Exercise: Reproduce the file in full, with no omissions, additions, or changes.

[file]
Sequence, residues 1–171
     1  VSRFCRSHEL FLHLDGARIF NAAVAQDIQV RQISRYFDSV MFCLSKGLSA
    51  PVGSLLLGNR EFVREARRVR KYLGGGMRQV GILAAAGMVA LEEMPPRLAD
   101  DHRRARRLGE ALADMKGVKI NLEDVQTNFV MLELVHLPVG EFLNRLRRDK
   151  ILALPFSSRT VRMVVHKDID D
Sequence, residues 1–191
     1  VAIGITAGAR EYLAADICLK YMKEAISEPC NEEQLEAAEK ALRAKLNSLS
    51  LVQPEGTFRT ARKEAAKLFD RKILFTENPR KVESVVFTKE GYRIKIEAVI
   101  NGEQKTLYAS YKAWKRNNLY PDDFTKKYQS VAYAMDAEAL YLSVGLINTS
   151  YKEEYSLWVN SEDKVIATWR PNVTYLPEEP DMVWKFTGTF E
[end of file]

Sequence, residues 1–171
     1  VSRFCRSHEL FLHLDGARIF NAAVAQDIQV RQISRYFDSV MFCLSKGLSA
    51  PVGSLLLGNR EFVREARRVR KYLGGGMRQV GILAAAGMVA LEEMPPRLAD
   101  DHRRARRLGE ALADMKGVKI NLEDVQTNFV MLELVHLPVG EFLNRLRRDK
   151  ILALPFSSRT VRMVVHKDID D
Sequence, residues 1–191
     1  VAIGITAGAR EYLAADICLK YMKEAISEPC NEEQLEAAEK ALRAKLNSLS
    51  LVQPEGTFRT ARKEAAKLFD RKILFTENPR KVESVVFTKE GYRIKIEAVI
   101  NGEQKTLYAS YKAWKRNNLY PDDFTKKYQS VAYAMDAEAL YLSVGLINTS
   151  YKEEYSLWVN SEDKVIATWR PNVTYLPEEP DMVWKFTGTF E